AbstractThis research is concerned with the Human Resource contribution to High Performance Work Systems in High Performing Human Resource Offshoring and Business Process Offshoring organisations in India. Indian Business Process Offshoring organisations offer knowledge intensive services dependent on human resources for delivery. Technology underpins the delivery of services and processes; however, the employees of Human Resource Offshoring Business Process Offshoring are central to organisational resources and represent a cornerstone for value creation. The management of Human Resources is therefore central to overall performance and success. There is a lack of research on High Performance Work Systems strategies adopted and adapted by successful Indian firms in this sector. This study bridges this gap through an empirical longitudinal study.
Methodologically, longitudinal qualitative reflexive case study examinations have been rare in management and organisation research. Previous studies have concentrated on being ‘snap-shot’ whereas this study’s longitudinal nature enabled a more holistic and contextualised view of the Human Resources processes. Fieldwork was conducted in three phases, (ten visits) over five years. Data gathering methods included interviews and focus groups. A longitudinal reflexive research methodology using inductive and deductive approaches was utilised via an innovative and robust combination of ‘template’ ‘processual’ and ‘systematic’ analysis.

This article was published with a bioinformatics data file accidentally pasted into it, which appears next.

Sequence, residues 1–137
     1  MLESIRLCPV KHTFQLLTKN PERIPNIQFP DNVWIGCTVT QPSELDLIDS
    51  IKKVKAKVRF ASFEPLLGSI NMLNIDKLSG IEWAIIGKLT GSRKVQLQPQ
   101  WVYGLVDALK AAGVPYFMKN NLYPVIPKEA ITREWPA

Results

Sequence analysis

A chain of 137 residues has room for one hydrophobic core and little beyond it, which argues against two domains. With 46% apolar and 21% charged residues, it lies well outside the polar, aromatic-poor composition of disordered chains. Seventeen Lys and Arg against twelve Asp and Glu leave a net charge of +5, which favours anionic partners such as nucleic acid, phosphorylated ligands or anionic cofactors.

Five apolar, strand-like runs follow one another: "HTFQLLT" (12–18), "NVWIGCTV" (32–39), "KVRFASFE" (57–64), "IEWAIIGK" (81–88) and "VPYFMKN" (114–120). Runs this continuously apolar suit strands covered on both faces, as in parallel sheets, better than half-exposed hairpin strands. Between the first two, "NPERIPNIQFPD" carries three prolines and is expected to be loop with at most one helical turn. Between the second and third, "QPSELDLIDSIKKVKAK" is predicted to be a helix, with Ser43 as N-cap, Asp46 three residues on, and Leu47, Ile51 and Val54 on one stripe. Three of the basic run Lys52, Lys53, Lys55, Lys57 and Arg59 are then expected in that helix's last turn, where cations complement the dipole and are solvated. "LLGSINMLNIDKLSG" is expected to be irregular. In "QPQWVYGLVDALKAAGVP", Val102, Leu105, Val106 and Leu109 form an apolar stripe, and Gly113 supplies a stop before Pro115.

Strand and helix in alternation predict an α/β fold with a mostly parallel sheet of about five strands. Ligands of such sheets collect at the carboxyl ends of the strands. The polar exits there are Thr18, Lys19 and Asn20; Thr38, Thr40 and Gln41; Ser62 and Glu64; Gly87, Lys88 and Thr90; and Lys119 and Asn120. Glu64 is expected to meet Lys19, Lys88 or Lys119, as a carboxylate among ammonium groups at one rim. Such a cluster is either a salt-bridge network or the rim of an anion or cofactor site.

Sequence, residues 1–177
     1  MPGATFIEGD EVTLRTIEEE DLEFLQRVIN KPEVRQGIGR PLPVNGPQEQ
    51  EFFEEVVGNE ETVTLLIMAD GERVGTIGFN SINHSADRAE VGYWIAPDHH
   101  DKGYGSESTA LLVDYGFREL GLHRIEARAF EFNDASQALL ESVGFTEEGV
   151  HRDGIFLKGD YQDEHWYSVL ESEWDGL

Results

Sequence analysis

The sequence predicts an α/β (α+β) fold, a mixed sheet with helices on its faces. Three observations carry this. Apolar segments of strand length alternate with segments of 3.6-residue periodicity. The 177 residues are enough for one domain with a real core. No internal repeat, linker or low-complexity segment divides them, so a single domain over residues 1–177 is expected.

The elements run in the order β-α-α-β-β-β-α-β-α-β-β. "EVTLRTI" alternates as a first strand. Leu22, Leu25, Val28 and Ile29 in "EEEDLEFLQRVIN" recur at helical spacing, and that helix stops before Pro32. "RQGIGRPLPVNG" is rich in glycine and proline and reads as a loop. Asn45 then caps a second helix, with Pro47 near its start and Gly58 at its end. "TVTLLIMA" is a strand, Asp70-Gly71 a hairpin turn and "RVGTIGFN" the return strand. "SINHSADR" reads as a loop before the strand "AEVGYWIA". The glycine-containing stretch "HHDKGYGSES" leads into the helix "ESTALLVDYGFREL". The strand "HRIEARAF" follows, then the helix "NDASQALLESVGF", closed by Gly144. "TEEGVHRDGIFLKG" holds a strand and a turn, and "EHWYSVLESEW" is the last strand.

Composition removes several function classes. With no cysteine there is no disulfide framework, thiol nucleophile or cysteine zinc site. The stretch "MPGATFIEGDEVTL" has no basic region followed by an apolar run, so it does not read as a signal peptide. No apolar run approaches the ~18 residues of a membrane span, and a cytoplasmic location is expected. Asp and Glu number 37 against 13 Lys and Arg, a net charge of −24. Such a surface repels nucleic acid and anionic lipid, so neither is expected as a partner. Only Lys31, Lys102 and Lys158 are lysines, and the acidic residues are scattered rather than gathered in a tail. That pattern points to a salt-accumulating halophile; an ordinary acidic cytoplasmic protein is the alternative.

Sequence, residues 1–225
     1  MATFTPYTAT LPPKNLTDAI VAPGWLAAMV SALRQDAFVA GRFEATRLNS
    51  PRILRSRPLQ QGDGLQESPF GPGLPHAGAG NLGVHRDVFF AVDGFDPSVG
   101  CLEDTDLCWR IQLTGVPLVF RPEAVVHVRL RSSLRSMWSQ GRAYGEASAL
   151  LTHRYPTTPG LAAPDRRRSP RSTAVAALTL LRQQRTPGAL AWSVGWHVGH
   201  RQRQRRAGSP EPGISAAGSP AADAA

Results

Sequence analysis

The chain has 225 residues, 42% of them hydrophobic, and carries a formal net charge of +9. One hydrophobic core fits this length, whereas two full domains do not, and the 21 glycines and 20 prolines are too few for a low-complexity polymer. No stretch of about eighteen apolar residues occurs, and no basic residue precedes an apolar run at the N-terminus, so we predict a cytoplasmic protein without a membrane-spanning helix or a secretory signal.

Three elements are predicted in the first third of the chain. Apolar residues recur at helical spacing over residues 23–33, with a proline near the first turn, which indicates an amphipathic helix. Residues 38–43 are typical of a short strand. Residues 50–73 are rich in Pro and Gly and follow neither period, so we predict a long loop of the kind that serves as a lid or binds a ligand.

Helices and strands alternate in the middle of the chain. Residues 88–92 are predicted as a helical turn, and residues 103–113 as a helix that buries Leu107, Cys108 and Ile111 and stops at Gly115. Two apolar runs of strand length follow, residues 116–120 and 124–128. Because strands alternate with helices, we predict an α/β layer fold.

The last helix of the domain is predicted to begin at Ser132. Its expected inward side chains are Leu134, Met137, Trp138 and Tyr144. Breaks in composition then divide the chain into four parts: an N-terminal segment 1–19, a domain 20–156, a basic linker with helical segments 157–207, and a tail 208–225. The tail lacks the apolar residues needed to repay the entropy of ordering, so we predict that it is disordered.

Findings suggest a complex, global, networked and dynamic business context, wherein Human Resource Management is understood and enacted in different forms, characterised by 'shape-shifting', a dynamic 'entanglement' of problem solving and strategic adoptive and adaptive approaches to attrition and performance.
Phase 1 of the research witnessed attrition anxiety drive both a focus on employer branding and perceived sophisticated Human Resources. In Phase 2, an 'attritioncentric' approach that integrated both employer branding and other Human Resources practices took hold and in Phase 3 a distinctive blend/bundles of attrition-centric Human Resources and employer branding emerged. Influences were seen to include the complexities of life cycle, leadership ambitions, economic and market fluctuations, cultural, social, socio-cultural, national, sub-national and institutional contexts. Theoretically, this phenomenon suggested a unique Human Resource Management-performance link in the Indian Business Process Offshoring industry and was grounded and premised on the ‘evolutionary resource-based view’, as an alternative to the traditional human capital versus resource-based view. This idiosyncratic theoretical form is supported by six identified dimensions including tacit knowledge, the knowledge based view, resource dependency, core competencies and core- related specificity, casual ambiguity, and social complexity, thus contributing to academic knowledge.
|Date of Award||Nov 2013|
|Supervisor||Peter Scott (Supervisor), Valerie Anderson (Supervisor) & Charlotte Rayner (Supervisor)|